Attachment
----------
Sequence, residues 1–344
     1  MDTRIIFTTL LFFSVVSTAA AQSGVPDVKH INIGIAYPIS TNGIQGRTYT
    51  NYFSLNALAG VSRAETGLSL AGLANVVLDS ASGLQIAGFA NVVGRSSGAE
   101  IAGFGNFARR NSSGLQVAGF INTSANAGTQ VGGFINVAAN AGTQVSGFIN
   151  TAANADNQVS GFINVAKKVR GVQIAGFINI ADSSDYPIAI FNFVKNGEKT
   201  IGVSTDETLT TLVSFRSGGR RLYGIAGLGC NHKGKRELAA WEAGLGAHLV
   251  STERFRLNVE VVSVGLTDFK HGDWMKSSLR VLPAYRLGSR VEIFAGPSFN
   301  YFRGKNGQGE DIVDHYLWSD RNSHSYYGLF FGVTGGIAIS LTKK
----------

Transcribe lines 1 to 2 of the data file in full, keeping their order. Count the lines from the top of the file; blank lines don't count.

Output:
Sequence, residues 1–344
     1  MDTRIIFTTL LFFSVVSTAA AQSGVPDVKH INIGIAYPIS TNGIQGRTYT